As part of the settlement announced today, Enterprise, Kong, and Tang will return $90,000 in stolen wages to former employees.

In addition to financial relief, Kong and Tang will undergo training related to their responsibilities as employers under New York Labor Law, including but not limited to the obligation to pay the minimum wage, overtime, and spread of hours, the obligation to provide paid sick leave, as well as the obligation not to discriminate. Kong and Tang must also develop a plan to revise Enterprise’s policies and procedures related to pay and sick leave, among other workplace issues including sexual harassment and reasonable accommodations. These policies are to be submitted to OAG for approval and will be provided to all employees. 

Enterprise, Kong, and Tang will submit periodic compliance reports to OAG for a period of at least three years. The OAG will also have full access to Enterprise’s employees’ contact information during this period in order to ensure compliance.

“An employer who commits wage theft at any scale isn’t just stealing from a worker, they are also stealing from that worker’s family and the law abiding small businesses who cover their contributions to our shared safety net,” said State Senator Jessica Ramos, Chair of the Senate Labor Committee. “I’m so grateful that the Attorney General is using the power of her office to get these immigrant workers what they are owed. I urge all workers, no matter your immigration status, to learn your rights and exercise them.”

“Wage theft is the largest form of theft in the United States, with 2.1 million New Yorkers alone victim to it every year. It makes our city and state less safe for the hard working people who live here,” said State Assembly Member Zohran Mamdani. “Today, we are sending a clear message to employers across Astoria and all of New York state: if you swindle workers out of their wages and guaranteed paid sick leave, you will be held accountable. I’m grateful to Attorney General James and the Laundry Workers Center for ensuring that these immigrant women of color get what they are owed. Workers organizing together won a minimum wage, overtime, and paid sick leave — we must ensure that every worker across the state knows their rights to those very things and that they can take action when they are robbed of those rights.”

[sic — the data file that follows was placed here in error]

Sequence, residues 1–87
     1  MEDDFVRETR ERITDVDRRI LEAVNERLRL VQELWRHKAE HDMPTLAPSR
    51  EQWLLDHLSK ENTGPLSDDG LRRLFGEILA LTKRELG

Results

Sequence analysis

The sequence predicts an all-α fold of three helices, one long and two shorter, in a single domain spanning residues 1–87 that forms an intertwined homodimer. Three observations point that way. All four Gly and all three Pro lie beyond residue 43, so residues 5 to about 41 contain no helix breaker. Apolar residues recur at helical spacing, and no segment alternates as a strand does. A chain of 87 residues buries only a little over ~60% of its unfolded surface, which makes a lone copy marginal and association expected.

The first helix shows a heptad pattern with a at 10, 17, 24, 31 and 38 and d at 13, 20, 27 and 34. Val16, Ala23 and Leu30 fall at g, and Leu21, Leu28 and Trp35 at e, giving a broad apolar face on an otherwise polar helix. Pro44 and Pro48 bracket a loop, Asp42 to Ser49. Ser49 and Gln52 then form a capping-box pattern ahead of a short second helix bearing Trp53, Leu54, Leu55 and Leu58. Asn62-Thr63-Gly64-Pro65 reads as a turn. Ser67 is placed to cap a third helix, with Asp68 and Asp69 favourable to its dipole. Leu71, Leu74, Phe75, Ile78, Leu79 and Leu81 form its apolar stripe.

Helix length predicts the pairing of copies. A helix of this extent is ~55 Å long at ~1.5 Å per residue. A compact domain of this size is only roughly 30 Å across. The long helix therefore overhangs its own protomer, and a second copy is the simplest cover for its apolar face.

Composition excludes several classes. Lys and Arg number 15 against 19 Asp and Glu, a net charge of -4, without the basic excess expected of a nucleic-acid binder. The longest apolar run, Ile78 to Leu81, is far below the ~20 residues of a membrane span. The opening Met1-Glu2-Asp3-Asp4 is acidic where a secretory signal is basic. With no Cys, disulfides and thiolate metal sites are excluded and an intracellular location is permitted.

“I could not be more proud to extend solidarity and congratulations to the courageous Astoria laundry workers who took action together and won back $90,000 in wages stolen by their bosses,” said New York City Council Member Tiffany Cabán. “American bosses steal $15 Billion from their workers every single year, disproportionately from immigrants, women, and workers of color — an unacceptable injustice that we must fight hard to end. I applaud the Laundry Workers Center and Attorney General James on this win. All District 22 workers should know, if your boss is taking advantage of you and you want to fight back, your Council Member is on your side.”

This case was handled by Assistant Attorney General Anielka Sanchez Godinez, Social Justice Coordinator Francisca Montana, and Civil Enforcement Section Chief Fiona Kaye of the Labor Bureau, under the supervision of Bureau Chief Karen Cacace, as well as former Assistant Attorney General Michael O’Keefe Cowles, former Civil Enforcement Section Chief Ming-Qi Chu, and former Deputy Bureau Chief Julie Ulmet. Senior Counsel Sandra Pullman of the Civil Rights Bureau also worked on this matter. The Labor and Civil Rights Bureaus are part of the Division for Social Justice, which is led by Chief Deputy Attorney General Meghan Faux and overseen by First Deputy Attorney General Jennifer Levy.